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Clinical Trial Summary

Clinical trials have shown phentolamine mesylate (PM), brand name OraVerse, to be effective at reducing the amount of time to reversal of local anesthesia with different dental anesthetics. However, to date no study investigated the efficacy of phentolamine mesylate to reverse anesthesia induced with the use of Bupivacaine.

The objective of the proposed research is to conduct a pilot-scale randomized clinical trial evaluating the difference in time required for the return of normal soft-tissue sensation and function in participants who have received 0.5% Bupivacaine HCl, 1:200,000 epinephrine, followed by an injection with either 1) OraVerse (phentolamine mesylate) or 2) sterile physiological water (control).


Clinical Trial Description

Dental procedures often require the use of local anesthesia. The most common local anesthetic used is 2% Lidocaine 1:100,000 epinephrine. This local anesthetic can achieve soft tissue anesthesia for 180-300 minutes and pulpal anesthesia for 60 minutes. Unfortunately, for longer treatments this relatively short duration can lead to the loss of anesthetic effect before the end of the interventions. Time-demanding dental appointments include oral and periodontal surgeries, extensive restorative treatments, and even minor treatments when completed by dental students. Unfortunately, if a short acting anesthetic such as Lidocaine is being used during long lasting procedures, once the patients start feeling pain again, it may be difficult to reestablish deep pulpal anesthesia with a repeated injection due to tachyphylaxis. To avoid this situation long-acting local anesthetics could be selected instead. The only long-acting anesthetic available in dentistry is 0.5% Bupivacaine HCl, 1:200,000 epinephrine. Bupivacaine can produce soft tissue anesthesia for up to 12 hours (commonly 4 to 9 hours) and pulpal anesthesia for up to 7 hours (commonly 1.5 to 3 hours). Unfortunately, Bupivacaine is not often used for non-surgical procedures due to its very long soft tissue anesthesia that outlast treatments by several hours.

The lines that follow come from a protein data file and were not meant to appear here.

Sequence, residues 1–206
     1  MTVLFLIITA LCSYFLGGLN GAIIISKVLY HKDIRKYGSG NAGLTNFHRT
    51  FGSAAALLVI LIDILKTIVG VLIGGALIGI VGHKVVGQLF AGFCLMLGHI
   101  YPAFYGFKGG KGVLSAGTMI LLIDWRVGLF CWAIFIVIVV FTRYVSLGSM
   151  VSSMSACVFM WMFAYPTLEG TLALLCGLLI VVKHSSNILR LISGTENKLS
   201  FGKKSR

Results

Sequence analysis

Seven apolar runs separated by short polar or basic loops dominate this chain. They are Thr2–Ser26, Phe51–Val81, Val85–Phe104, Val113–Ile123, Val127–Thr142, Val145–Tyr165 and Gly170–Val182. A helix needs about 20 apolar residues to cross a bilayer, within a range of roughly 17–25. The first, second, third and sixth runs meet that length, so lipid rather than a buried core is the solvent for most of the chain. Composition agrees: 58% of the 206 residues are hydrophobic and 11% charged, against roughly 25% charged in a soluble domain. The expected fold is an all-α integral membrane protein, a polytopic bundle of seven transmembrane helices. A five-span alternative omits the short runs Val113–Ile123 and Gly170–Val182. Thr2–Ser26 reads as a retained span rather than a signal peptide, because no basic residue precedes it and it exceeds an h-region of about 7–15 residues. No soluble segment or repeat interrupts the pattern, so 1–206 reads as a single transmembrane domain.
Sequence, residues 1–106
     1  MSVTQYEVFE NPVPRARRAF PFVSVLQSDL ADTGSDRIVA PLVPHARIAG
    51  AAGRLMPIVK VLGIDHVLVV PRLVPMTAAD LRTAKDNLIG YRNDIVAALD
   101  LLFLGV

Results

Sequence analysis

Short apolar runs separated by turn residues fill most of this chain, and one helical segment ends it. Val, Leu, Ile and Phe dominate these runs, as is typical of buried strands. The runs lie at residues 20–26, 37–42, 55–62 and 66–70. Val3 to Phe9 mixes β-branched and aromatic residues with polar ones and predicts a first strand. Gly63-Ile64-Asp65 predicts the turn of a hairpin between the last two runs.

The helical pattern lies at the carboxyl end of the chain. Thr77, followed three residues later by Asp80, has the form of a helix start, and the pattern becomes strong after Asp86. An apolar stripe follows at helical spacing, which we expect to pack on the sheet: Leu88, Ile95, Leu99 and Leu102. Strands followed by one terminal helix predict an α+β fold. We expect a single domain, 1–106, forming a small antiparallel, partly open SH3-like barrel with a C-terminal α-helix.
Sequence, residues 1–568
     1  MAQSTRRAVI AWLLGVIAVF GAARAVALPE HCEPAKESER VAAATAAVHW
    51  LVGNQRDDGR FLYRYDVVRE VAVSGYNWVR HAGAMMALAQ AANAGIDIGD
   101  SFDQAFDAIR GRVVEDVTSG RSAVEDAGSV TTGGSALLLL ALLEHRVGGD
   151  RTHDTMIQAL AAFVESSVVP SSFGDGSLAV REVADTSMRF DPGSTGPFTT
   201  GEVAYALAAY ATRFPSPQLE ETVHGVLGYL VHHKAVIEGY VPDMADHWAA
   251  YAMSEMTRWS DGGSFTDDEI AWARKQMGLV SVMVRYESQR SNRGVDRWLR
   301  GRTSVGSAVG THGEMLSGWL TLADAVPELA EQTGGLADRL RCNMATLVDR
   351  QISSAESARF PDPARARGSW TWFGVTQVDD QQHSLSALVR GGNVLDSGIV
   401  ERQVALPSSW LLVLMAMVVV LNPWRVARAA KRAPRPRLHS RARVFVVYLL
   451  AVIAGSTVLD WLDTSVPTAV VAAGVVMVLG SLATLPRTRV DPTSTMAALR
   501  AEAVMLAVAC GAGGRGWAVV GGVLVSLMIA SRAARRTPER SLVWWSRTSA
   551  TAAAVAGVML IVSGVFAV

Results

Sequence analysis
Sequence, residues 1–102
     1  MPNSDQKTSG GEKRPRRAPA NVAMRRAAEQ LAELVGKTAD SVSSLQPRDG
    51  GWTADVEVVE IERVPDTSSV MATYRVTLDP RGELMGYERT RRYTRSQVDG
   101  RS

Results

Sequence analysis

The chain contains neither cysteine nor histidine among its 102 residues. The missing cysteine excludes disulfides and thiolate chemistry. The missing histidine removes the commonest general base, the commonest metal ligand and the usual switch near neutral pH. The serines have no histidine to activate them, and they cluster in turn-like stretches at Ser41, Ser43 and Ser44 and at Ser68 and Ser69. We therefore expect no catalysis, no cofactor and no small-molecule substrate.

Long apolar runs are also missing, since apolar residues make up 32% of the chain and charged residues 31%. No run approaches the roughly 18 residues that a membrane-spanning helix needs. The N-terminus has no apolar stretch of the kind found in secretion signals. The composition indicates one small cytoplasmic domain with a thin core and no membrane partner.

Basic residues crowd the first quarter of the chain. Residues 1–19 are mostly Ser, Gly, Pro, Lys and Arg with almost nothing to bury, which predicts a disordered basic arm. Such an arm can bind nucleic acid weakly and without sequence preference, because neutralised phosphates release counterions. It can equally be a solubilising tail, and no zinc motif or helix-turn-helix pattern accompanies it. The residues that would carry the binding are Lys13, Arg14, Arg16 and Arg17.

The effects of soft tissue anesthesia linger for some time after the administration of long acting local anesthetics such as Bupivacaine. This can lead to discomfort and occasionally injury from lip/tongue biting. Clinical trials have shown phentolamine mesylate (PM), brand name OraVerse, to be effective at reducing the amount of time to reversal of local anesthesia with different dental anesthetics. However, to date no study investigated the efficacy of phentolamine mesylate to reverse anesthesia induced with the use of Bupivacaine.

The objective of the proposed research is to conduct a pilot-scale randomized clinical trial evaluating the difference in time required for the return of normal soft-tissue sensation and function in participants who have received 0.5% Bupivacaine HCl, 1:200,000 epinephrine, followed by an injection with either 1) OraVerse (phentolamine mesylate) or 2) sterile physiological water (control). This will further advance our knowledge of both Bupivacaine and phentolamine mesylate as there are no current studies evaluating reversing the effect of Bupivacaine with PM.

It is hypothesized that phentolamine mesylate will reduce the duration of soft tissue anesthesia by 2.5 hours when compared with a control injection of saline water. It is anticipated that this study will determine the feasibility and sample size needed to conduct a full-scale multi-centre trial. ;


Study Design


Related Conditions & MeSH terms


NCT number NCT02995291
Study type Interventional
Source Dalhousie University
Contact
Status Completed
Phase Phase 4
Start date February 10, 2017
Completion date September 15, 2019

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